Conduct Resolution Meeting
The Conduct Resolution Meeting is designed to reduce unnecessary proceduralism and
potential contentiousness in disciplinary proceedings. A Conduct Resolution Meeting
will normally begin with an informal, non-adversarial meeting between the responding
party and a University administrator, as designated by the director of the Office
of Student Conduct and Civility Education. The University shall consider all matters
that reasonable persons would accept as having probative value, including documentary
evidence, written statements and hearsay. The responding party will be given access
to documentary evidence and written statements in advance or during the initial meeting
and allowed to respond to them. Responding parties are also allowed to submit the
names of appropriate and relevant witnesses. The responding party will be found responsible
if the University administrator decides that a preponderance of evidence supports
The following procedural protections are provided to respondents in the Conduct Resolution
- Written notice of the specific charges prior to or at the initial meeting
- Reasonable access to the case file during the Conduct Resolution Meeting or at the
- An opportunity to respond to the evidence and call appropriate and relevant witnesses.
Students subject to suspension or expulsion from the University, or removal from on-campus
housing, will be entitled to a University Hearing. However, when a student agrees
to all charges of the Code listed in their charge notice, they waive their right to a University Hearing, but
may request a meeting with their hearing officer to discuss sanctions.
The following procedural guidelines shall be observed for all hearings held by the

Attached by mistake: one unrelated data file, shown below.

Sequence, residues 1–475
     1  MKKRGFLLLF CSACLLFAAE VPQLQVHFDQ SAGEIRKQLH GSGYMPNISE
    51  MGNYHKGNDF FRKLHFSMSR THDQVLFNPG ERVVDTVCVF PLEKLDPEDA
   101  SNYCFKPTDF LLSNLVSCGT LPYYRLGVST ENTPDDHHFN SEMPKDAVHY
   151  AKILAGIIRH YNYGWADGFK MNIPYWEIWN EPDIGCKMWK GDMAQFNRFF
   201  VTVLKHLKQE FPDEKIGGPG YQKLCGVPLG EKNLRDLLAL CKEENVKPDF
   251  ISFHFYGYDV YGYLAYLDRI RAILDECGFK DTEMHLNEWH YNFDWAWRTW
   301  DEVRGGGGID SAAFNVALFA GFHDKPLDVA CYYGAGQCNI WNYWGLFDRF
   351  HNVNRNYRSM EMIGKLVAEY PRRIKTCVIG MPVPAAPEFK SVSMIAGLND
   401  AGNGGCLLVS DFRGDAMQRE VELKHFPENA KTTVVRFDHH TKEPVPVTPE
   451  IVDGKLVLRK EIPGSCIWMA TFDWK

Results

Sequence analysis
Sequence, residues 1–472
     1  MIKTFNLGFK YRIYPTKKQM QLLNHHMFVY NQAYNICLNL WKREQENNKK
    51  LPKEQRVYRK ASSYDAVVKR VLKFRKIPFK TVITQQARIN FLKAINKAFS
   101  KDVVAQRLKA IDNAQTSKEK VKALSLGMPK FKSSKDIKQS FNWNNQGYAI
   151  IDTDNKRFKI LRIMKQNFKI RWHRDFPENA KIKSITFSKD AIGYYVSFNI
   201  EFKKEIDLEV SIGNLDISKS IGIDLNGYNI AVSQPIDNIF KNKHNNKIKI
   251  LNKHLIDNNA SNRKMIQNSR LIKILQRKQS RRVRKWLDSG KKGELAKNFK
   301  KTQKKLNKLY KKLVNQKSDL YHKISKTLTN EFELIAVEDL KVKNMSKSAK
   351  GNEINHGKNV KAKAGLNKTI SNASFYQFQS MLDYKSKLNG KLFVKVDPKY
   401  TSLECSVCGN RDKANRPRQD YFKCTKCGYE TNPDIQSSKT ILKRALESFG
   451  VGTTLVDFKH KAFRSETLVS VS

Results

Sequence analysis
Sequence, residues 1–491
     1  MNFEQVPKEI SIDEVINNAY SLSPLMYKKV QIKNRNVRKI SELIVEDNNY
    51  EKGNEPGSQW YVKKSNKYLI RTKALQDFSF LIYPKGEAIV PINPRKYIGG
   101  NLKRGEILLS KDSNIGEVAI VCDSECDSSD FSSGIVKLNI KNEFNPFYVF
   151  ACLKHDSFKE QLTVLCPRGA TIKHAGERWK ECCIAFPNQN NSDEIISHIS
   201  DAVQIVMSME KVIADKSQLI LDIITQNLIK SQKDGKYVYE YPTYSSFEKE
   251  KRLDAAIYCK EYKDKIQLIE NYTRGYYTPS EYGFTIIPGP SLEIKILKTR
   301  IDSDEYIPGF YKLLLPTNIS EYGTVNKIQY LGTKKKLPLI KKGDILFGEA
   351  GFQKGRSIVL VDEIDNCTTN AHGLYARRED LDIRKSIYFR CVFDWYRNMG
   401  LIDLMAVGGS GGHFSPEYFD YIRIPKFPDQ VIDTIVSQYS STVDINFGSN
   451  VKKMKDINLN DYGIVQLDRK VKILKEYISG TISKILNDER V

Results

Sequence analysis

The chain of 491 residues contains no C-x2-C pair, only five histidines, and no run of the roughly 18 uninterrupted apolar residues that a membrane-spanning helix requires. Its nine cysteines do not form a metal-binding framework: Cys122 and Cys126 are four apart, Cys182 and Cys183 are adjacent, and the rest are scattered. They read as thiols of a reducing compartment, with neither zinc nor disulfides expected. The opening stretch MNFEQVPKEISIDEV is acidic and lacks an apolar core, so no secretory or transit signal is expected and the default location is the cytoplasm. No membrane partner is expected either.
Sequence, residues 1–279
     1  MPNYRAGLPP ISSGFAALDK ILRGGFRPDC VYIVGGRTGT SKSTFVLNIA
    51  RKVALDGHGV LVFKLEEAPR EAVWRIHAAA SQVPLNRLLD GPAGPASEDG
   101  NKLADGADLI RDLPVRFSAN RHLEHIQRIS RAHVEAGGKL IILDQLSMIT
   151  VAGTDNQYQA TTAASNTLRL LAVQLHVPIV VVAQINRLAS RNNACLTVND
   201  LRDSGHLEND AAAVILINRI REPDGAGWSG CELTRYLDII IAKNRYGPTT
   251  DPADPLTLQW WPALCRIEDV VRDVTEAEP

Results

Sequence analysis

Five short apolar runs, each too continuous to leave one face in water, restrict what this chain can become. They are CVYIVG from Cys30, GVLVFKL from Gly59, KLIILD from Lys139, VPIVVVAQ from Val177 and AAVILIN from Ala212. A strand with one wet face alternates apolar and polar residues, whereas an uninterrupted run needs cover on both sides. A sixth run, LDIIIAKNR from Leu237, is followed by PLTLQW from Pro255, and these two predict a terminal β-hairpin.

University Hearing Board, except in cases of alleged violations of the Towson University Policy on Sexual Misconduct. The University Hearing Board will be composed of the hearing officer, who shall
preside and make the final decision, and student conduct aides. In the absence of
the student conduct aides, the hearing officer may hear and decide the case alone.
A case may not be heard if the hearing officer is not in attendance. The hearing officer
shall be responsible for submitting the hearing panel's report to the Office of Student
Conduct and Civility Education.
- The responding party shall be given notice of the hearing date and the specific charges
against them at least three business days in advance and shall be accorded reasonable
access to the case file, which will be retained in the Office of Student Conduct and
Civility Education. (In some cases, the responding party may choose not to wait three
days for a hearing to take place.)
- The hearing will be audio recorded.
- The responding party may be present for the hearing. If more than one student is charged
with the same incident, the University may hold a combined hearing. If the responding
party fails to appear, this will be stated for the record and the hearing will continue.
- The responding party may be accompanied by a support person.
- The hearing officer shall exercise control over the proceedings to avoid needless
consumption of time and to achieve orderly completion of the hearing. Any person,
including the responding party, who disrupts a hearing may be excluded by the hearing
- The responding party will be found responsible if the hearing officer decides that
a preponderance of evidence supports the charges.